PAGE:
The magazine’s content included a feature on conjugal visits at a prison, headlined ‘Freedom behind bars’ and Ireland’s growing number of ‘foreigners’, headlined ‘The outsiders’
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The Irish Times nude cover that never saw the light of day

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Magazine was pulped after chairman ‘went ballistic’, but a copy has emerged for sale

The year is 1981. The month is August. On the cover of what is meant to be the precursor to The Irish Times’ now-familiar Saturday colour supplement are two bare bottoms. They belong to two people shopping in a supermarket in Cap d’Agde, a naturist resort in France, which was then the largest such resort in Europe. The name of the magazine is The Irish Times Colour Supplement. The cover story, about the “naturist movement”, which features said unclothed posteriors, was by journalist Jeananne Crowley, with photographs by Tom Lawlor.

That magazine, of which about 82,000 copies were printed to be included with the newspaper one Saturday in August 1981, was never distributed. The entire run was ordered pulped once it was seen by Maj Thomas Blakeney McDowell, the then chairman of the Irish Times Trust. As the paper did not have the facility to design or print colour at the time, the magazine had been printed off-site, by Litho Universal in Bray, Co Wicklow. It was not seen by anyone until it arrived back to D’Olier Street, where the paper was then located, as was its printing press.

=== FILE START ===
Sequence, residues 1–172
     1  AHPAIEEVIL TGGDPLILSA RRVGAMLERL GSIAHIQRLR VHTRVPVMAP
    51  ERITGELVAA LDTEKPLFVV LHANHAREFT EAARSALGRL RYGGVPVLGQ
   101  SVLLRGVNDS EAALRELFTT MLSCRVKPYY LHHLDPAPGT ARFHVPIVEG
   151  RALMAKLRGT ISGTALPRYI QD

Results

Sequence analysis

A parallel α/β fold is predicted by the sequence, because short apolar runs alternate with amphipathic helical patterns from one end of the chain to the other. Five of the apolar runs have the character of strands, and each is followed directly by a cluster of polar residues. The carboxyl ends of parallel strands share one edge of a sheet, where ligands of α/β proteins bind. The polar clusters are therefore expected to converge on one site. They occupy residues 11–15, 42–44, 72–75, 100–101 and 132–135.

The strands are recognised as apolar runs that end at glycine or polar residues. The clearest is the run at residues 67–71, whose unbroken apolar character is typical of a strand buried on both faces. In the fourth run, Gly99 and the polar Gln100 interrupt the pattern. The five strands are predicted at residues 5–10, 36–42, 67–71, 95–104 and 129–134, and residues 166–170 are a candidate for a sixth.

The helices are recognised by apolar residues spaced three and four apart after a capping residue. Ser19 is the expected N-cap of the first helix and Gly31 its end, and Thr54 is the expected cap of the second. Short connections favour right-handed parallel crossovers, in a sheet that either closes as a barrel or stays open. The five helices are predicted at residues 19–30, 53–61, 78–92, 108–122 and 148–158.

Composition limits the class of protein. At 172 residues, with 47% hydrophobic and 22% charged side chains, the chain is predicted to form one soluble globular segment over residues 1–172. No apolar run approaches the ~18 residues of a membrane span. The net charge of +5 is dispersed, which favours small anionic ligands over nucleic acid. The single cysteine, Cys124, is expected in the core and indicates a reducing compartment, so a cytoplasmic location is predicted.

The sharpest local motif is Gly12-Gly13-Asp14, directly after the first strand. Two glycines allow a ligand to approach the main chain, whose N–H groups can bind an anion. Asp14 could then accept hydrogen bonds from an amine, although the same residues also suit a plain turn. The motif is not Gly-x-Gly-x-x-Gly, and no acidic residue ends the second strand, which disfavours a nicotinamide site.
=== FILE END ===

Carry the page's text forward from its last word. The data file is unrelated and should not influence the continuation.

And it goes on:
The cover story about the ‘naturist movement’ was by journalist Jeananne Crowley,
Tom Lawlor The cover story about the ‘naturist movement’ was by journalist Jeananne Crowley,

“The Major went ballistic when he saw it,” recalls Seamus O’Neill, who was then advertising manager. “He took one look at the nudes on the cover, and he said the magazine had to be shredded. As far as I know, they were all put in skips in Bray and were supposed to be destroyed.”

However, at least one copy survived, and has now emerged for sale. At the end of this month, Adam’s auctioneers is putting the 56-page magazine for sale as a single lot. The estimate is between €3,000 and €5,000. “It’s difficult to price items like this,” explains Niamh Corcoran of Adam’s. “It’s a rarity; a single edition.” 

As for the provenance of the magazine, it came to Adam’s via Maj McDowell, who, it appears, despite his incandescence at the time, had in fact kept one copy for himself. He is now deceased. The magazine had since been passed on to a friend, who has now brought it to Adam’s and wishes to remain anonymous.

Continued…Read full original article…

Source: Irish Times

Original publication 25 July, 2020

Posted on NatCorn 5th August 2020

Reference to an article does not infer endorsement of any views expressed.

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